Scoping Bugs

I ran a across a strange bug in R recently. Like all the best programming languages, R treats functions as first class objects. That is to say that functions can be passed as arguments and return values from functions, named as variables, and, while not part of the strict definition of first class functions, maintain copies of the creating environment. This last point is known as lexical (or static) scope.

On lexical scoping

Lexical scoping was a major innovation to making programs simpler to understand. With lexical scoping, variable names are defined “locally” — that is, if a function is working a variable foo, that variable cannot be written over by a caller having its own variable foo. Here is an example that illustrates the property, using R. What does the last line return?

my.variable <- 42
f <- function() {
  return(my.variable)
}

g <- function(my.variable) {
  return(f())  
}

g(100)

If you answered 42, you’d be correct. The two uses of the name my.variable would cause a dynamically scoped program to return 100. Under lexical scoping, these are distinct variables, defined by the different scopes of the f and g functions. Under dynamic scoping, applying g to 100 would lead f to look up my.variable and find the value of 100. While this example is contrived, in programs of any size, lexical scoping (at least as the default) prevents different outer scopes from changing the behavior of inner functions. (See Clojure’s binding form for an example of useful dynamic scope on demand.)

So lets take this a step further, and create some functions that save their lexical environment. To show the correct behavior, here is a small Scheme program that creates 5 functions, each of which returns its index when called (lambda means “create a new function”):

(define fns (map (lambda (x) (lambda () x)) '(1 2 3 4 5)))
(map apply fns)
; returns (1 2 3 4 5)

Now here is the same thing in R:

fns <- lapply(1:5, function(i) { function() { i } })
lapply(fns, function(f) { f() })
# returns a list of (5, 5, 5, 5, 5)

Whoa! What is going on?

R’s scoping bug

Clearly, something is amiss with R’s scoping rules. To be honest, I’m not entirely sure what (though I will unveil a work around). I had originally written this code in an imperative for loop, and my immediate thought was that R was bitten by a classic JavaScript bug. JavaScript has a strange quirk where by loop indices are not considered local to the scope, and are rewritten during each iteration. A simple workaround is to nest the loop code in a function and immediately call it:

/* Bad version */
fns = new Array(5)
for (i in [0,1,2,3,4]) {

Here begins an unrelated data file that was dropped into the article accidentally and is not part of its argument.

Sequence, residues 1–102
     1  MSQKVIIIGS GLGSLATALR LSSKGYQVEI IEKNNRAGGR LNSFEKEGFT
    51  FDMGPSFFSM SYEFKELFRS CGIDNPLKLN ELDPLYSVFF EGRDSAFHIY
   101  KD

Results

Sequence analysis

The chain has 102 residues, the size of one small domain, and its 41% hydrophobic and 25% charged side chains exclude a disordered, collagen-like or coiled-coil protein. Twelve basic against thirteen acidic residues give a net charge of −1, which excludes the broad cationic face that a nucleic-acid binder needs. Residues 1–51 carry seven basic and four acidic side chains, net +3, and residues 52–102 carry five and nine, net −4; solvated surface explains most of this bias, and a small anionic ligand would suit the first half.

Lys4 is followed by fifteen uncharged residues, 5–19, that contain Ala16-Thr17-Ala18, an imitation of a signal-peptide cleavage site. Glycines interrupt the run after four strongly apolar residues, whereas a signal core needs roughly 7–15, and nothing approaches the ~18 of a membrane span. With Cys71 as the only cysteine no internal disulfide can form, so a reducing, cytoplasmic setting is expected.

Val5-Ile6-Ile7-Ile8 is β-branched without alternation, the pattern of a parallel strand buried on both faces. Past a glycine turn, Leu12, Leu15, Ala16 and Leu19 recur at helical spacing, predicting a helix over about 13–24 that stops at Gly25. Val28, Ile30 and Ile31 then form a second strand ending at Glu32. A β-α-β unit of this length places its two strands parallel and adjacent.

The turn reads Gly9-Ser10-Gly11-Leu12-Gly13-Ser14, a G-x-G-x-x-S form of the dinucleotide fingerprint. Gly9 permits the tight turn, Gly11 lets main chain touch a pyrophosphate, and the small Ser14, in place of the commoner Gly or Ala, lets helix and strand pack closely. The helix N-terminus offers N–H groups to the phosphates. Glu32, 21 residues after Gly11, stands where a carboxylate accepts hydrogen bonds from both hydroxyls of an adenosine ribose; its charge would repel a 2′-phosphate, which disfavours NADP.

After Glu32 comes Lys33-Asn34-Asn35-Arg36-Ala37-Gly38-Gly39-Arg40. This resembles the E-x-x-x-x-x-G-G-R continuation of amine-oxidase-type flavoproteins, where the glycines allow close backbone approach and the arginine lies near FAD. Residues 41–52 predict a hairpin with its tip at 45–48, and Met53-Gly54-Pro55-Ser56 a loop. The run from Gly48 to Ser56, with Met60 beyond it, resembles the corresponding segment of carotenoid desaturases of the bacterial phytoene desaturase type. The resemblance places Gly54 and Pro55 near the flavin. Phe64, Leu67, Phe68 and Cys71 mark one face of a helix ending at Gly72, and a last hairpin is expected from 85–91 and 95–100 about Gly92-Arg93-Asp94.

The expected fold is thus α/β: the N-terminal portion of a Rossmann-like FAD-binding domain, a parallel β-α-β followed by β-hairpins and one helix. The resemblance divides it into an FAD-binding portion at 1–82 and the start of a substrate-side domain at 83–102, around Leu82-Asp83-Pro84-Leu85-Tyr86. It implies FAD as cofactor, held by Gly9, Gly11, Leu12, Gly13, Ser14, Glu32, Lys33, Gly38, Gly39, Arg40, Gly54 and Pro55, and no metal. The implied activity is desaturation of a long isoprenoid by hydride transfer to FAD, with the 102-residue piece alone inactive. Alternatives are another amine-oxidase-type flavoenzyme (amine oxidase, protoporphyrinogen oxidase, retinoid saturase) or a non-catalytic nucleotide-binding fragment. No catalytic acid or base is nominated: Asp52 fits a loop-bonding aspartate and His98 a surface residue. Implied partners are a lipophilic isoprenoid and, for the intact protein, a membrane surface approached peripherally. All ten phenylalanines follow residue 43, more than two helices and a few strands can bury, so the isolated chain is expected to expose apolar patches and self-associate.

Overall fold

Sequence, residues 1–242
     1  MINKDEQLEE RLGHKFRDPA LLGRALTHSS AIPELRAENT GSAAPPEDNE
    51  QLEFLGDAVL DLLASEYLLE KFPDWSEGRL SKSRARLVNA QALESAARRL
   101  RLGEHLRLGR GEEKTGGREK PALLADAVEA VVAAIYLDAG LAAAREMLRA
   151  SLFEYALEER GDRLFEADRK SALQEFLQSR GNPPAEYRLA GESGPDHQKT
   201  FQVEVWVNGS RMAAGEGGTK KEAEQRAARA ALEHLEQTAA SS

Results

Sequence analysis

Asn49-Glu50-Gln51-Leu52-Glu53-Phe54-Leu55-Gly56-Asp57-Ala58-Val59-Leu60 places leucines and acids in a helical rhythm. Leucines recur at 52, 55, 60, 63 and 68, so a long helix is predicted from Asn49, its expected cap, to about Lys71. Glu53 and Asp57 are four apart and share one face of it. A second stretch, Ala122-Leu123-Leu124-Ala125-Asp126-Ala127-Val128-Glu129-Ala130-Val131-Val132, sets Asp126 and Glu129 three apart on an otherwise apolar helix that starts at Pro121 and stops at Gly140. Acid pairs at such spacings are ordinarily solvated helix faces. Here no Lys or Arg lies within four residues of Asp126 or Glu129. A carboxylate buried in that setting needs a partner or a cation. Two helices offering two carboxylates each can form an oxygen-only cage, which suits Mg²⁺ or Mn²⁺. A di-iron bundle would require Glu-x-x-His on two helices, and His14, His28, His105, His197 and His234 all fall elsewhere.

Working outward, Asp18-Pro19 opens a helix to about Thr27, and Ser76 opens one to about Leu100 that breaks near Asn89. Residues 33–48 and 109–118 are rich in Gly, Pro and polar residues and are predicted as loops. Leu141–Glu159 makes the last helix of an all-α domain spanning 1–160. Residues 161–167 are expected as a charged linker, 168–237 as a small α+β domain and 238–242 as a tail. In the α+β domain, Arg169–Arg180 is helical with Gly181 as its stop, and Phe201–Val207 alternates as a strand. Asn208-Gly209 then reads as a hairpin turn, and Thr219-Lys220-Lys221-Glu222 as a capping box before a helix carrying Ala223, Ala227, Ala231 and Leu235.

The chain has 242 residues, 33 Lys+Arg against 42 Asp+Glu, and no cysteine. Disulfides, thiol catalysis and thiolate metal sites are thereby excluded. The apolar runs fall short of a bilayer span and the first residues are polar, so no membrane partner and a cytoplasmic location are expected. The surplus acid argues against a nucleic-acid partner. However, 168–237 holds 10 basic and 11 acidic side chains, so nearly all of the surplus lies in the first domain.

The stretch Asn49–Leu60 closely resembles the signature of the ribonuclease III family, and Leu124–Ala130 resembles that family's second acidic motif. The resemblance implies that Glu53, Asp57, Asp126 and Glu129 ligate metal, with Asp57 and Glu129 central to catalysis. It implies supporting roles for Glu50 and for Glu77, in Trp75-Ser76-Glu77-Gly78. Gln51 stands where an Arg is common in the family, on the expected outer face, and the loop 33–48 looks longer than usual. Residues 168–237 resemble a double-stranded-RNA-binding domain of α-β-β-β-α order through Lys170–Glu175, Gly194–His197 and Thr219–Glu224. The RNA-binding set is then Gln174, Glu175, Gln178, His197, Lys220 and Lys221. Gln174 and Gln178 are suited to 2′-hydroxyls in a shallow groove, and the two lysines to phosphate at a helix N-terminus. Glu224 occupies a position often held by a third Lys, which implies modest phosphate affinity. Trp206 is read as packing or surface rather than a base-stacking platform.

fns[i] = function() { return(i); };  
}
vals = new Array(5)
for (j in [0,1,2,3,4]) {
  vals[j] = fns[j]()
}
/* vals = [4,4,4,4,4] */

/* Good version */
fns = new Array(5)
for (i in [0,1,2,3,4]) {
  (function(i) { fns[i] = function() { return(i) }})(i);
}
vals = new Array(5)
for (j in [0,1,2,3,4]) {
  vals[j] = fns[j]()
}
/* vals = [0,1,2,3,4] */

R does not exactly suffer from this issue, as the JavaScript work-around does not, well, work-around the bug:

fns <- vector("list", 5)
for (i in 1:5) {
  fns[[i]] <- (function(i) { return(function() { i })})(i)
}
lapply(fns, function(f) { f() })
# returns c(5,5,5,5,5)

After poking and prodding, I found a (bizarre) solution in the same vein:

fmaker <- function(i) { function(j) { i }}

fns <- vector("list", 5)
for (i in 1:5) {
  fns[[i]] <- fmaker(i)
  fns[[i]](0)
}
lapply(fns, function(f) { f() })
# returns c(1,2,3,4,5)  

The new version is significantly more verbose. The critical aspects are defining a maker function (you can’t just in-line that code) and applying the function to some dummy argument. Apparently, these are the necessary genuflections to R to make the calling environment sticky.

Imperative languages

There are several reasons why both R and JavaScript could be getting these scoping rules wrong. First, while both allow first class functions, they are not as frequently used as in some other languages. I may very well be the first user to test R on its ability to properly scope functions created in loops.

A second possibility may be more fundamental: R and JavaScript are imperative, C-style block languages. One writes a programs as a series of declarative statements: first do this, next do this, now do this. Languages that treat programs as transformations of data (and here I’m referring to Lisps specifically, as I have the most exposure to this family) do a very good job with scoping rules. In fact, writing your own Lisp is a fairly simple process, covered in Chapter 4 of SICP, and getting environments right does not seem an especially difficult task.

The apparent difficulties in getting scope correct are even greater impetus for doing work in and on Incanter. Combining R’s wealth of statistical tools with Clojure’s proper scoping rules would be an ideal combination. Perhaps the best work around for R bugs is to write the program in Clojure?

The R version used in this post was 2.11.0 (2010-04-22).

Update: I found another, more elegant, workaround.